Like most recipes with long and honourable histories, it’s almost impossible to pinpoint the exact origin of mayonnaise.
Linguists suggest that the name was derived from the French word magnonaise (manier, to stir) or the Old French moyeu, meaning egg yolk. Or, named after the town of Bayonne in the Pyrenees, where they had a local sauce called bayonnaise.
But what sounds much more plausible is the idea that a simple, traditional sauce, such as the Catalan alioli, made every day in the home, found its way into the cooking repertoire of 18th century chefs.
Cooks then, and now, love mayonnaise for the immediate sense of luxury it gives a dish. In the classic French tradition, mayonnaise was served with cold fish, chicken and meat dishes, used to dress salads and seafood, and mixed with eggs. The addition of flavourings, such as chopped egg white, pickles, capers, parsley and onion, as in tartare, or mix in mustard to make Dijonaisse, and you’ve made another sauce completely.
Surprisingly, little has changed. We’re still adding a small dab of mayonnaise to cold poached salmon or chicken as well as potato salad or coleslaw.
Here are some dishes from the past that feature mayonnaise and have stood the test of time that you can try with the NEW Hellmann’s Deli Mayo that delivers a consistent sweet and tangy made especially to enhance the taste experience of your sandwiches.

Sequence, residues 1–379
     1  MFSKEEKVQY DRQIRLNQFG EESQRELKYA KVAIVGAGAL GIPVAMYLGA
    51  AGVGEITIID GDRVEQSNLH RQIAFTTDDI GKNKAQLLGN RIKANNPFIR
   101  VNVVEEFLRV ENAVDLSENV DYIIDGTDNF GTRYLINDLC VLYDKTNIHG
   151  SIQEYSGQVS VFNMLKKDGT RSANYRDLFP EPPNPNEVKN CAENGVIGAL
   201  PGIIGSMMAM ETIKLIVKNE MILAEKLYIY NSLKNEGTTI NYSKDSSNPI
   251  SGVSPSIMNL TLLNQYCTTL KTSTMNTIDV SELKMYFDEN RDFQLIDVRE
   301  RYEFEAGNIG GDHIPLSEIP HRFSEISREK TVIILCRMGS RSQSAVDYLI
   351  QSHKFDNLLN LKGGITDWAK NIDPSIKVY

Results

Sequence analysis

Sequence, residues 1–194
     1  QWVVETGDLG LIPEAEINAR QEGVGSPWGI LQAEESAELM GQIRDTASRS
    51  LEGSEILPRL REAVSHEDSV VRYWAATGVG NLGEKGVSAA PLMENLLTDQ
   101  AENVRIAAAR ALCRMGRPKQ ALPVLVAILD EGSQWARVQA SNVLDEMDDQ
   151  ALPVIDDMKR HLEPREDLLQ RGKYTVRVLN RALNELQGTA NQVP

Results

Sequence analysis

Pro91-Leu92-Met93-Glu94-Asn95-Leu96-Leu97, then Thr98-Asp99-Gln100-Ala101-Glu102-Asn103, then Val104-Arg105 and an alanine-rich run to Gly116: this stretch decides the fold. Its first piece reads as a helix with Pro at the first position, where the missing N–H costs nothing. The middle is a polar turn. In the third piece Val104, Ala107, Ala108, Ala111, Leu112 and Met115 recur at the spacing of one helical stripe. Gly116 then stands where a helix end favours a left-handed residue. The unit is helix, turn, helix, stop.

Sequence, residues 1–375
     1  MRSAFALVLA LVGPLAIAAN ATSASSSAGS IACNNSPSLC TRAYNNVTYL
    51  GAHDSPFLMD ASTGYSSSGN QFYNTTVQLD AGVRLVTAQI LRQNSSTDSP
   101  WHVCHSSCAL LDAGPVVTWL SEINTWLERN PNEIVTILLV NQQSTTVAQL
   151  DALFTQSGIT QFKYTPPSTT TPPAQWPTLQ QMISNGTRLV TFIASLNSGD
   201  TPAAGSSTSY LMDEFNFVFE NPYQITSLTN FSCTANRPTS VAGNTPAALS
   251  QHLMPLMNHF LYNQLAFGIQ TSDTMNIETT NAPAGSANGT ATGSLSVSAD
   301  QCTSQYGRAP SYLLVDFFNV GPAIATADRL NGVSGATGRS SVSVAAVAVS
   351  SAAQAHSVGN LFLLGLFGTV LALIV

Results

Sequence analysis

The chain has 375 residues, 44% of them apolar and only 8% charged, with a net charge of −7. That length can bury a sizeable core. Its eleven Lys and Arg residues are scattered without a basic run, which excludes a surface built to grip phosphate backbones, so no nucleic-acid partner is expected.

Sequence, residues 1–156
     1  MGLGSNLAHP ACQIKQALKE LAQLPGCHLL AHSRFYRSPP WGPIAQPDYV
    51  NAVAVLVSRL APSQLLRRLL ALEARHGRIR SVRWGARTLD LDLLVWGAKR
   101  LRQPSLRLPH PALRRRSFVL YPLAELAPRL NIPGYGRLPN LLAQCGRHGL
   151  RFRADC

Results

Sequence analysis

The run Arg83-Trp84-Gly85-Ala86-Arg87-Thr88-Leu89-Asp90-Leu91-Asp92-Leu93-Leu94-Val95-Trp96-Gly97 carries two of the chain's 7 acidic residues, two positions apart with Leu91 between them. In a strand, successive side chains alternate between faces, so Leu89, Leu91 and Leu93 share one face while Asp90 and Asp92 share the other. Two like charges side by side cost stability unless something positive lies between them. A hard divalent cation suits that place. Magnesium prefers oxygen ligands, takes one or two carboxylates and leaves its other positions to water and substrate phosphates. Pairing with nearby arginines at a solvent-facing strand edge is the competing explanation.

The Austrian Wiener Schnitzel has translated well into a modern-day sandwich. Amp up the flavour profile with an anchovy and mustard combo. Or, take the lead from Hellmann's executive Chef Mark Baylis, to create a roll that also includes tomato, cheese and bacon.
Escoffier stuffed his eggs with pureed fish, such as tuna or salmon, lobster or prawn thickened with a little mayonnaise. However, egg yolk, with mayo and mustard is just fine.
This simple salad of apples, celery and walnuts was created in 1896 by the maître d'hôtel of the Waldorf Astoria in New York. It would go very well on schnitty sandwich - or even on the side.
Also known as Salat Olivier, this salad of potato, egg, cucumber, peas, apple and either fish, chicken or beef and mayonnaise was created in the 1880s in Moscow by a French chef.
The trusty BLT, a derivative of the club sandwich, is a favourite around the world. And why not? Bacon, lettuce, tomato - and mayonnaise. A Winning combination. Mark Baylis has taken it a step further, creating a recipe for an egg and bacon roll, with tomato, lettuce and mayo.